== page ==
The dubbin factor
Sir: Mr Waugh's article 'The dubbin factor' (8 July) seems to suggest that Mrs Thatcher has not enough experience of criticism/msults/physical assault to be an effective leader. If this is indeed Mr Waugh's view, it would seem to be singularly naive, in view of Mrs Thatcher's experience as a target of anti-women, anti-Tory and anti-politician barrages during the last three years. It also shows ignorance of the goings-on in girls' schools (thank the Lord) and of the difficulties of bringing up children. In order to reach a position of political power or eminence, Mrs Thatcher, Barbara Castle, Shirley Williams and the others have all.been subjected to a certain amount of dubbin, apart from the occasional political drubbing. Any woman who has attempted a political career has necessarily been the object of many more insults and cat-calls than many a man in Parliament. Mr Waugh himself, in his latest article, has provided another example of this; and very grateful we all are too for his solicitous debagging. One viewpoint, favourable to women Mr Waugh may note, is that a woman's experience of the world, in work with or against men, motherhood and political involvement, is a much better basis for the understanding of people and the limits of power in a democracy than the somewhat artificial, not to say boorish, environments of public school and the services.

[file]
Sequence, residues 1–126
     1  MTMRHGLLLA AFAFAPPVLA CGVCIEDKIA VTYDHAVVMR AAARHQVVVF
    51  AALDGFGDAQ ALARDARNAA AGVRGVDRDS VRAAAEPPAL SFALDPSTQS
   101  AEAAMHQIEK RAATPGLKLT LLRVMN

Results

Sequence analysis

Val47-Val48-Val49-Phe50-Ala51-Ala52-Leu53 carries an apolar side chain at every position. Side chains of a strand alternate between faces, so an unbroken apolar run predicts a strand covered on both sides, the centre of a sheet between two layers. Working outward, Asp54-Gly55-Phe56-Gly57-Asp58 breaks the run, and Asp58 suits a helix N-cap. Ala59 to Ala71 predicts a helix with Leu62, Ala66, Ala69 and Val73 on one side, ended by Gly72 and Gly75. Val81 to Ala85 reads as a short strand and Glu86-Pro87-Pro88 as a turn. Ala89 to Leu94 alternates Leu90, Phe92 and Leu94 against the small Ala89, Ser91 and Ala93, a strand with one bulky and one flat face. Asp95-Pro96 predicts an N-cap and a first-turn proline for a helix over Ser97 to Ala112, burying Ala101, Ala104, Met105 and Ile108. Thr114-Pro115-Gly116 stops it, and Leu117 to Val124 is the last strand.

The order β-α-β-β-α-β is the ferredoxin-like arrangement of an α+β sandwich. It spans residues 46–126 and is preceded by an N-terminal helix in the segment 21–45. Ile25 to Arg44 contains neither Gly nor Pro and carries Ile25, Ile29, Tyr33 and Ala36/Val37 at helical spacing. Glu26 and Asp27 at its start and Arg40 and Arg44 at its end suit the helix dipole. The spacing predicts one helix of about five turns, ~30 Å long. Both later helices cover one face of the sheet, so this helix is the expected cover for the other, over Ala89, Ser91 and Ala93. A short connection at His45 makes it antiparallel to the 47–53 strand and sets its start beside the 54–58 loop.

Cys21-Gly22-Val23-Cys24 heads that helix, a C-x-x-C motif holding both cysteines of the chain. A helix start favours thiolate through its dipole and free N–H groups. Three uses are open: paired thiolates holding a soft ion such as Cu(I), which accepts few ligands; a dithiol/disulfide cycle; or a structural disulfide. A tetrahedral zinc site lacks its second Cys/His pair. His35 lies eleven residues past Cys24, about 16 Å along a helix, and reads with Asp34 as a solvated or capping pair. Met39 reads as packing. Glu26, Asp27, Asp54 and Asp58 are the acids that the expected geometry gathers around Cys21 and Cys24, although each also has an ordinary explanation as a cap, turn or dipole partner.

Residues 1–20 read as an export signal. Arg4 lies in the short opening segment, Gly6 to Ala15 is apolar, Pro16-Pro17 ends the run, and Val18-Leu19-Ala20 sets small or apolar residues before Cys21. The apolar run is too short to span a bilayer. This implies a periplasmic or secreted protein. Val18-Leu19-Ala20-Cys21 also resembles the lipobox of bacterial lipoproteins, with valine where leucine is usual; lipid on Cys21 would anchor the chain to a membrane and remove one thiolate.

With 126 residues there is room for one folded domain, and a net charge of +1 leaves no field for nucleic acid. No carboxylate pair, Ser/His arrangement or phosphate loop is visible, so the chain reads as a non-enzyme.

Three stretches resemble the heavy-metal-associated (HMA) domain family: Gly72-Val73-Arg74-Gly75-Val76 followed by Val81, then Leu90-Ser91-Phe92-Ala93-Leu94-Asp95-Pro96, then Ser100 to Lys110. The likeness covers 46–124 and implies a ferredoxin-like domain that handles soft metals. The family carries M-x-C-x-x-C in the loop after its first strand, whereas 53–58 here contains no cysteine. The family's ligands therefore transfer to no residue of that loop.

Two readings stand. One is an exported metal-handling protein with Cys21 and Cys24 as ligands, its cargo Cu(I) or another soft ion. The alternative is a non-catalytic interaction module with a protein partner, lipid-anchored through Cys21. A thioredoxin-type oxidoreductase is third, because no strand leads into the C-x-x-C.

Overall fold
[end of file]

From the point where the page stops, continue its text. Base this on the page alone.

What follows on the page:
I do not see much point in trying to contradict Mr Waugh's references to 'lesbians, sluts and harridans'; his idea of womanhood is obviously very individual, and I rather think he only does it to annoy. However, I must ask him not to scotch over or dismiss lightly the possibility of 'brutal or neglectful' husbands. One feels they are so often to blame for the existence of the lesbians, sluts and harridans Mr Waugh so hates.
P. W. Spooner 72 Lyford Road, London SW18